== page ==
This paper applies the concepts of gateways and centrality, formerly opposing approaches to spatial planning, by now a powerful merged tool for archaeologists, to understand the dynamics of the evolution of cities and settlements in a long-term perspective. The samples are the two main port cities in South-Eastern Provence (France), Marseille and Arles. By means of several archaeological markers it will be shown how natural landscapes and political control influenced the fate of the economic development of both cities in Greco-Roman times. Therefore, this study focuses on the aspects of trade and administration encompassing the functionality of the ports as trans-shipment centers, the impact of political interference as well as the supply and exchange of long distance and local/regional products. Within this research framework, Marseille emerged as a static gateway for its service area with a distinct perspective on Mediterranean trade. Arles, however, was the main gateway for the whole Rhône corridor in Roman times due to its strategic location in an area characterized by a variety of landscapes and the promotion of politics as a port of the annona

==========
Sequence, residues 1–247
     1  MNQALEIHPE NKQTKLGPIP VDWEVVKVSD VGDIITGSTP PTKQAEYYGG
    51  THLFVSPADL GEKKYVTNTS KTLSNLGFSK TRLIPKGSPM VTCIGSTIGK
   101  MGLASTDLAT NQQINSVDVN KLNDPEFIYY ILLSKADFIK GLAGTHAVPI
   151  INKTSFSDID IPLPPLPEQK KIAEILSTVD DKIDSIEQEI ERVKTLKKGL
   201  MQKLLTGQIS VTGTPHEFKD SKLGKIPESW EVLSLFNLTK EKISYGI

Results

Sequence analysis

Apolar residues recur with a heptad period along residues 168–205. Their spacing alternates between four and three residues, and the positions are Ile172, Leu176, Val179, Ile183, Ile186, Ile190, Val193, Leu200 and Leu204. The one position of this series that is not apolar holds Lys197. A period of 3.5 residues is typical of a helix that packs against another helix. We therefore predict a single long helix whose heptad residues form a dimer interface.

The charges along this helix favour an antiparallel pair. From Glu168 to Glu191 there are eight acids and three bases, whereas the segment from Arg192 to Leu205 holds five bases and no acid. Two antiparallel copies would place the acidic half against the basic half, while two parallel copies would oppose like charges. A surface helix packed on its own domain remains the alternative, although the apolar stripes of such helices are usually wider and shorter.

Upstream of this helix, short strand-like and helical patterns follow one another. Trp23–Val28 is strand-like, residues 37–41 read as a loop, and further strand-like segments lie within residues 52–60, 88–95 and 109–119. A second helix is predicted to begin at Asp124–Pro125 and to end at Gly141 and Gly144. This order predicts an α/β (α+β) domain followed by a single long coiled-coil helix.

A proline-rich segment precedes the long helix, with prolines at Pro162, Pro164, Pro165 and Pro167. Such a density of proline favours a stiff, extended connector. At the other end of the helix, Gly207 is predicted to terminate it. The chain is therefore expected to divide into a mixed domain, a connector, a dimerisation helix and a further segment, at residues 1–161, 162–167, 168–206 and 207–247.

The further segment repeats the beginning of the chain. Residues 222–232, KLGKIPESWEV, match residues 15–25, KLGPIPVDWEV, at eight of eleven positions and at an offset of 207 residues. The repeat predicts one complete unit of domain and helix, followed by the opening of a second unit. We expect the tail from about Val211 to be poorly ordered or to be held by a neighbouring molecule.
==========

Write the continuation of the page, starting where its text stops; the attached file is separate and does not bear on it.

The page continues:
. The data presented here aim to reject the frequently used narrative of an ongoing competition between Arles and Marseille in favor of a more nuanced picture of economic interactions and overlapping trading networks.
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